Arising from your body’s production of prostaglandins, menstrual cramps -- called dysmenorrhea in medical circles -- can lead to excruciating pain for many women, potentially limiting prolonged physical activity like running. Some women simply skip exercising during the few days leading up to and encompassing their menstrual period, but take heart if you’d rather not let menstrual cramps keep you from hitting the track. Not only is running with menstrual cramps possible, but putting time in on the track or pounding the pavement may actually help improve your symptoms, according to Bob Glover, co-author of “The Runner’s Handbook.”
Do pre-running stretches that target your abdominal muscles to help increase blood circulation, flexibility and muscle tone in your abdominal and uterine area, a key technique in naturally reducing pain from menstrual cramps. Put your hands on your hips, pull your abdominal muscles inward and rotate your hips slowly clockwise, just as if you’re using a hula hoop; perform 15 rotations clockwise, then reverse your direction and perform 15 additional rotations counterclockwise to minimize painful cramping, recommends Dr. Allan Spreen, co-author of “Smart Medicine for Healthier Living.”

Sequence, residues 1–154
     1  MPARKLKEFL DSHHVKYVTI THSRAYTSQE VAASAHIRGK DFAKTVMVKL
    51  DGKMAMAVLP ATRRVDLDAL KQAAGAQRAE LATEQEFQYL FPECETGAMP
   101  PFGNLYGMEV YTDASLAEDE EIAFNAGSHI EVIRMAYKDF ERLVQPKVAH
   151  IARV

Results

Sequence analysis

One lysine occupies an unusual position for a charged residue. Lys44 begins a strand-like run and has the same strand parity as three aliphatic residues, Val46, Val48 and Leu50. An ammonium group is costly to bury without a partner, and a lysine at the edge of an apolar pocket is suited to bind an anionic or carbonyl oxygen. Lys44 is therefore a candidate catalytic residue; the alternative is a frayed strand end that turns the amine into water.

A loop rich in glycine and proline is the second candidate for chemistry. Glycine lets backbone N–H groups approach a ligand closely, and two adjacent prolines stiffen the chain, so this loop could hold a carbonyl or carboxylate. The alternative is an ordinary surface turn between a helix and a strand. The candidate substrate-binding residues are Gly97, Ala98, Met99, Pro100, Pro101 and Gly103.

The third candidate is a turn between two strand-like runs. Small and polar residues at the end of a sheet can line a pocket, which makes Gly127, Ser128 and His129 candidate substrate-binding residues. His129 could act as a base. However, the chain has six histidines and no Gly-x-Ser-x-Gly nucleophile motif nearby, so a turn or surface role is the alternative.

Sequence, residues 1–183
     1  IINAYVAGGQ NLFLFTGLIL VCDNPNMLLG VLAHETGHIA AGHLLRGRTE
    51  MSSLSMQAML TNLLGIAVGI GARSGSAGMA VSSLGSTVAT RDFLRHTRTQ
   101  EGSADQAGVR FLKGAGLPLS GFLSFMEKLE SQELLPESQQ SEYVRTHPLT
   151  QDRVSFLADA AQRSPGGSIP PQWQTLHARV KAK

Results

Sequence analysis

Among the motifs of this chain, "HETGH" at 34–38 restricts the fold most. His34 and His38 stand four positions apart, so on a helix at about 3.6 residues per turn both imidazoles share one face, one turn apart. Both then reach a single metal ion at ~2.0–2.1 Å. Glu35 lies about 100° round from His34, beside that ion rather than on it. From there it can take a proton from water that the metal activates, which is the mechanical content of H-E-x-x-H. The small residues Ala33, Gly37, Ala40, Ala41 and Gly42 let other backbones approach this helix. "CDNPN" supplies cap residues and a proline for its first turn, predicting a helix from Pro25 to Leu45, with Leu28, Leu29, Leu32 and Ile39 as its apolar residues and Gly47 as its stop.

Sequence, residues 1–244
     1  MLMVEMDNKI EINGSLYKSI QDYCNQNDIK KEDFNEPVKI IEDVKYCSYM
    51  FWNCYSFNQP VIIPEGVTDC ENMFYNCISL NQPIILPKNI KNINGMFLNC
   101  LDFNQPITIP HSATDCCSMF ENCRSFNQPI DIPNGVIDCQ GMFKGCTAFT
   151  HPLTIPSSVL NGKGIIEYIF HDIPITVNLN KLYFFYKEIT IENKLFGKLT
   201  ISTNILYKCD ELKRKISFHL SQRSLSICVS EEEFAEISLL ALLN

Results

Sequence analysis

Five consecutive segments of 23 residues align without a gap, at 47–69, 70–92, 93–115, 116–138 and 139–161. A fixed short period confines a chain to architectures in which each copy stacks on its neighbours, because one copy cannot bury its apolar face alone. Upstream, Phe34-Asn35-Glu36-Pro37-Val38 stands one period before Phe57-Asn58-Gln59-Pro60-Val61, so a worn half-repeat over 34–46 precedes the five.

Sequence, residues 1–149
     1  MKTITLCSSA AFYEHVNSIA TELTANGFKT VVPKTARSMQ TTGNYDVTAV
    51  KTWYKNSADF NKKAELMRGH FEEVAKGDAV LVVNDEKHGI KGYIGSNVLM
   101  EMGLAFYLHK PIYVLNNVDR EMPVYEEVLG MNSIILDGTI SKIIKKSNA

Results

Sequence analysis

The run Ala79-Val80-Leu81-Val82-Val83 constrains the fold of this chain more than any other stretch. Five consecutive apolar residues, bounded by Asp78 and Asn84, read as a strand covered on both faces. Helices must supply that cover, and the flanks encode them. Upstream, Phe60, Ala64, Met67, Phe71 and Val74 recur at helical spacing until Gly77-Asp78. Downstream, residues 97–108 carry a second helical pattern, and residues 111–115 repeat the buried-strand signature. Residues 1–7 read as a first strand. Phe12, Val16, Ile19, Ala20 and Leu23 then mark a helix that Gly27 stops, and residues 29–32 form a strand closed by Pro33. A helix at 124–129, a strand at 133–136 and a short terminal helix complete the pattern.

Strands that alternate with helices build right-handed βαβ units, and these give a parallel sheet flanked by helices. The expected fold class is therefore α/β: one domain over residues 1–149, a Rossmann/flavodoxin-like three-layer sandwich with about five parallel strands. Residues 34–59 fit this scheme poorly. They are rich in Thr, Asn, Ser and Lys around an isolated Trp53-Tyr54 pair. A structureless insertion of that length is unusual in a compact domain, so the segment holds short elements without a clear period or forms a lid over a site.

Take a pain reliever about 30 minutes before hitting the pavement for your run. Opt for over-the-counter ibuprofen or talk to your doctor about prescription pain relievers, depending on the severity of your cramps, suggests Glover. Over-the-counter medication designed specifically to minimize menstrual symptoms serves as another option to dull the pain from severe menstrual cramps.
Dive into your run, focusing on short, intense bursts of running rather than a long, regular jog. Start out at a brisk walk, then quickly increase to a run as soon as you’ve warmed up your muscles adequately. This allows your body’s productions of endorphins to kick in more forcefully, which may help combat the painful effect of the hormones that trigger your cramps, recommends Sam Murphy, author of “Run for Life.”
Walk briskly to cool down during the final five to 10 minutes of your run. Follow up your run with a warm bath or apply a warm heating pad to your abdomen to minimize any remaining menstrual pain.
Depending on the severity of your menstrual cramps, you may also experience other problematic menstrual symptoms, such as nausea, vomiting and bloating, that could affect your running. If necessary, slow down and walk for a while or abandon your run if your symptoms become too intense.
Talk to your gynecologist or primary care doctor if your menstrual cramps last for more than two to four days at a time or if they suddenly worsen for no apparent reason, as this may indicate a more serious health condition, such as endometriosis or pelvic inflammatory disease.